Presentation on theme: "SS.6.W.3.6. The Peloponnesian War In 431 B.C.E., Sparta declared war on Athens This conflict was called the Peloponnesian War After 27 years of."— Presentation transcript:
The Peloponnesian War In 431 B.C.E., Sparta declared war on Athens This conflict was called the Peloponnesian War After 27 years of fighting, Sparta finally won. Meanwhile, a new danger was growing to the north, in Macedonia.
Philip II Unifies Greece A Macedonian king, Philip II, saw that constant wars had left the Greeks divided and weak. He seized the chance and brought Greece under his control. By 338 B.C.E., he had conquered most of mainland Greece, although he allowed the city-states to keep many of their freedoms. Philip wanted to attack Persia next, but in 336 B.C.E., he was murdered.
Alexander Takes the Throne After Philip’s death, his son, Alexander, became the new Macedonian king. Like his father, he wanted to invade Persia for its great wealth, but he also recognized that fighting Persia would help to unite the Greeks by giving them a common enemy.
Alexander’s Method Alexander planned to use both terror and kindness to conquer an empire. The towns and cities that resisted him would be burned to the ground and their people sold into slavery. The towns and cities that surrendered would keep their government officials, and Alexander would help them rebuild their damaged property.
Alexander’s Goals Alexander wanted all the people he conquered to accept him as their ruler. He also wanted to spread Greek culture, but at the same time, he did not want to destroy every local custom in his empire. His goal was to bring people of very different cultures together under a single government.
Alexander Spreads Greek Ideas Alexander greatly admired Greek culture and wanted to spread Greek ideas throughout his empire. One way he did this was by building Greek-style cities. Most of these new cities contained an agora (marketplace), temple, theater, law courts, and a gymnasium.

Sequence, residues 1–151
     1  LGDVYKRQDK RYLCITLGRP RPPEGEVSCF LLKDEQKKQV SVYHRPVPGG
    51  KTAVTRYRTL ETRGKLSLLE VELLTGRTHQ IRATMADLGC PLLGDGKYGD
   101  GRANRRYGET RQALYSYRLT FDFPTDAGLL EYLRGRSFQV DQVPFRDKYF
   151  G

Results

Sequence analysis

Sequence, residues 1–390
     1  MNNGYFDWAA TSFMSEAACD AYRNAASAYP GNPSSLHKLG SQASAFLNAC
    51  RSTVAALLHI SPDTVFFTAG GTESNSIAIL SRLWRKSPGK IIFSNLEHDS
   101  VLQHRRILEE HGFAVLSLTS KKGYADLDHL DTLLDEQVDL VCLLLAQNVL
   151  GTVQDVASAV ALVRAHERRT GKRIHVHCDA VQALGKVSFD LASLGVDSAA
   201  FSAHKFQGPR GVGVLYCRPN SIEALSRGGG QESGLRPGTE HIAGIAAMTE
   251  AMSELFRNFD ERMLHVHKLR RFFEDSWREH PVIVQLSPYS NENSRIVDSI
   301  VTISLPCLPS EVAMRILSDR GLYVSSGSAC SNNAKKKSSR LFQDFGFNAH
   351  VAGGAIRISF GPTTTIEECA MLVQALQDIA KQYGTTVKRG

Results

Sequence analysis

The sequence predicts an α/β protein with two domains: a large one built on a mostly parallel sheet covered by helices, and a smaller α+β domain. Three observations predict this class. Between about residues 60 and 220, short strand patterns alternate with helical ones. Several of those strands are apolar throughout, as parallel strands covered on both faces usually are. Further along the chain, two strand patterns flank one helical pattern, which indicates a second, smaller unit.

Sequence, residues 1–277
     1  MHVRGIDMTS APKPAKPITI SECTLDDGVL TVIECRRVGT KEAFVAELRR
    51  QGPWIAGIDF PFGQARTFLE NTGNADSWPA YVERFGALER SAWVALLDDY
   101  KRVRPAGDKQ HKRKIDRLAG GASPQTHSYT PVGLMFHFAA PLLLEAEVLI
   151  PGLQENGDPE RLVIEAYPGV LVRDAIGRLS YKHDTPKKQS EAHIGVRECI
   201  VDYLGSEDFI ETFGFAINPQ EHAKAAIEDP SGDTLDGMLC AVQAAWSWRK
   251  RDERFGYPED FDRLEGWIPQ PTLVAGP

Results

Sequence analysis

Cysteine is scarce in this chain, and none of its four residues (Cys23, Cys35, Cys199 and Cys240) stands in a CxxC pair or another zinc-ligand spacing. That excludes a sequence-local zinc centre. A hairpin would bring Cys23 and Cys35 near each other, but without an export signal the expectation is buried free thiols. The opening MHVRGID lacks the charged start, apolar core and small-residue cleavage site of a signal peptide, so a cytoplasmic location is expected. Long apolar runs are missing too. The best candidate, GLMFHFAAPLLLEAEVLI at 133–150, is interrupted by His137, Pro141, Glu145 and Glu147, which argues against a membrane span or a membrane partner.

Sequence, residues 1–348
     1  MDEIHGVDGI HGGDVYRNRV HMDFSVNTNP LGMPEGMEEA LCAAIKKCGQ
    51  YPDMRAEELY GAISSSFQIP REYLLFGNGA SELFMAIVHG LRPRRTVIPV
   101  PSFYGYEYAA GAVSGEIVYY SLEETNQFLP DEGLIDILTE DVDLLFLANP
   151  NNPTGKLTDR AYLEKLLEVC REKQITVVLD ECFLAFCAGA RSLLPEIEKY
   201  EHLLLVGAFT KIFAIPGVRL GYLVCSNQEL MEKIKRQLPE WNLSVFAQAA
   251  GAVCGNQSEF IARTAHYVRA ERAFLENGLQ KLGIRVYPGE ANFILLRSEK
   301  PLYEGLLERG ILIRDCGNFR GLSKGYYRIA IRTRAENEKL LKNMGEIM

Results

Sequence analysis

Alexandria The most famous of the new cities was called Alexandria, and was located in Egypt. In time, it became an important center for trade and learning. Alexandra had all of the amenities a great Greek city should, but the most impressive part was the library which contained more than half a million books!
Alexander’s Use of Religion Alexander used religion in 2 ways to inspire loyalty among the people he conquered. First, he honored Egyptian and Persian gods and treated them as equal to Greek gods. Second, Alexander encouraged the idea that he himself was a god. Later, he would even require all Greeks to accept him as the son of Zeus!
Alexander Adapts Alexander’s plan was to show respect for the cultural practices of the people he conquered, and he did this by adopting some of their practices himself. Although he allowed many local governors to run the day-to-day business of their lands, he made sure it was Macedonians who led the army and controlled taxes.
Walk Like A...Persian? Alexander borrowed many Persian customs in particular. He wore Persian-style clothes and received visitors in a luxurious tent, the way a Persian king would. Visitors had to kneel in front of the throne and bend over until their head touched the ground. Alexander then raised his visitor to his feet, kissed him, and called him “Kinsman,” meaning family.
The Empire Crumbles After stretching his empire all the way to India, Alexander caught a disease (probably malaria) and died at the age of 33. After his death, the empire crumbled. Settlers left the cities he had constructed, and they fell to ruin. His generals fought each other for control.
So, then what?? In the end, Alexander’s vast realm was divided into 3 separate kingdoms: Egypt, Asia, and Greece. In the centuries to come, Greek power would slowly fade away, but Greek culture would continue to influence the world.